If fun feels like a big stretch or perhaps impossible right now, what else is going on? Refer back to the section above and seek outside help.

5) Celebrate Their Strengths

Focussing on positives can renew your appreciation for your spouse and rejuvinate attraction. What are they really good at? Make sure to let them know. Simple compliments are a great way to celebrate their strengths and to make them feel honoured. 

If you have a hard time finding positives to focus on, think back on what originally attracted you to your spouse in the first place. Jot down a list. Take time to reflect and to remember why you first fell in love. Do some of those qualities still remain… even faintly? Affirm those characteristics in your spouse. Your kind words may motivate them to invest more time and energy into those areas. As you focus on their positive attributes, you may notice attraction beginning to grow. 

6) Appreciate Your Shared History

As I reflect back on 30+ years together… raising 3 kids (who are now adults), a couple accidents, various stressors, and achievements, the qualities I find attractive have changed a lot. I no longer expect a 20-year-old figure from a 50-year-old body (for either of us).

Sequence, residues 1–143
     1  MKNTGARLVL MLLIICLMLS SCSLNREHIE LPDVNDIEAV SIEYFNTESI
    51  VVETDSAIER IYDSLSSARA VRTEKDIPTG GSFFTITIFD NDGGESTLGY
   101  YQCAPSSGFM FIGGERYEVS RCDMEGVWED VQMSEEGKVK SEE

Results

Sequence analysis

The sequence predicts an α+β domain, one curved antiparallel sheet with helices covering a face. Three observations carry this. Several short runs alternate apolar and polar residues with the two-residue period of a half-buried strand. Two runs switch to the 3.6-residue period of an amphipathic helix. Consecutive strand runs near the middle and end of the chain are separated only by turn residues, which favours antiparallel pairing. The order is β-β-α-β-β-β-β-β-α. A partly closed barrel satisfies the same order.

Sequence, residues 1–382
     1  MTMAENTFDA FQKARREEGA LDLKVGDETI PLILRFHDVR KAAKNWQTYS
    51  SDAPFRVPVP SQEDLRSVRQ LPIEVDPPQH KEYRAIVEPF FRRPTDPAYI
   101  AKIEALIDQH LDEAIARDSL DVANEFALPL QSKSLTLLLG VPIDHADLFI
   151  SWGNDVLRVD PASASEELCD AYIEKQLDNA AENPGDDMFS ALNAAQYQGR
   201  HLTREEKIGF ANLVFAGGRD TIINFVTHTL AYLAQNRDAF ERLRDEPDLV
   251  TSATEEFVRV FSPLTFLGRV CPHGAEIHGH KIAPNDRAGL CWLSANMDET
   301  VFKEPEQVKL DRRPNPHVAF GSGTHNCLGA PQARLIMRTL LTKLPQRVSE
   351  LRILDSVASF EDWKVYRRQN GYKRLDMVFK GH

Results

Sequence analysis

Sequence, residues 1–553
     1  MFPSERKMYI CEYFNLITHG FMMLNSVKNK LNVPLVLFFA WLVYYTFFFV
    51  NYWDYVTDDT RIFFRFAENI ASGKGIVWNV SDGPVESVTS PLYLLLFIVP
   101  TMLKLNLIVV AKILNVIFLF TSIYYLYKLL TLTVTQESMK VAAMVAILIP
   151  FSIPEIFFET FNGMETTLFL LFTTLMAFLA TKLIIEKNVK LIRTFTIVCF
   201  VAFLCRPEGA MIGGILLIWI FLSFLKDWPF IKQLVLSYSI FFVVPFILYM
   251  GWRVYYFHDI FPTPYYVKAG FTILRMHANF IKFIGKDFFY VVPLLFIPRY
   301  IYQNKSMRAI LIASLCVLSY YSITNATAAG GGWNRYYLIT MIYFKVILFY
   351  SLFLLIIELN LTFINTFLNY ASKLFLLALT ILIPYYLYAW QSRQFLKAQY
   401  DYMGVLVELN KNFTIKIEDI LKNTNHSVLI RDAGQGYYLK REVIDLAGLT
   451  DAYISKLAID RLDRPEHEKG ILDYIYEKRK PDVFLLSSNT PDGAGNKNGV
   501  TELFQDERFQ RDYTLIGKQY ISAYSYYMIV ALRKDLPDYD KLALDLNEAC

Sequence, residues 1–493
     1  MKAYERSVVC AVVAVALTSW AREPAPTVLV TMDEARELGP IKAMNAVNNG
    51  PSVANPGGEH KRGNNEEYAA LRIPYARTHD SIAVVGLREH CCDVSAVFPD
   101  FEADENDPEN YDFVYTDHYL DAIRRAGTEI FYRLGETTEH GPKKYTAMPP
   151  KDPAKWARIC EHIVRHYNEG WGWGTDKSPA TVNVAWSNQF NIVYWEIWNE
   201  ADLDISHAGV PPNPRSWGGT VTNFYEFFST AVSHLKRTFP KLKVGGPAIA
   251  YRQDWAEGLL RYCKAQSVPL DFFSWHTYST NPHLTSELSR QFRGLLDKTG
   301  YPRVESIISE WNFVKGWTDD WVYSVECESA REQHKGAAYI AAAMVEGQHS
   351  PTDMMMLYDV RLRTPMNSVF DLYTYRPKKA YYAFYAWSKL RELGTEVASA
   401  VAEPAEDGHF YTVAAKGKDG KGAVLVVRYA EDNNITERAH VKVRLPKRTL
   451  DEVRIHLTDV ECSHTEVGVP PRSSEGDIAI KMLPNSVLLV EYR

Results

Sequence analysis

As we’ve lived life, not only has time and experience aged us, but I have grown to value different things. My husband, as a father, is very attractive. Our scars uniquely signify our history, together. The wisdom of life at age 50 holds its own treasure… and so does the grey hair earned in the process. I am thankful. I feel strong and empowered by the wisdom and experiences gained, and yet I recognize the toll it took for us to get here.

How about you? Can you step back and take a new look, to remember and reflect? Which chapters of your history together say, “We made it through, together! And that is very attractive.”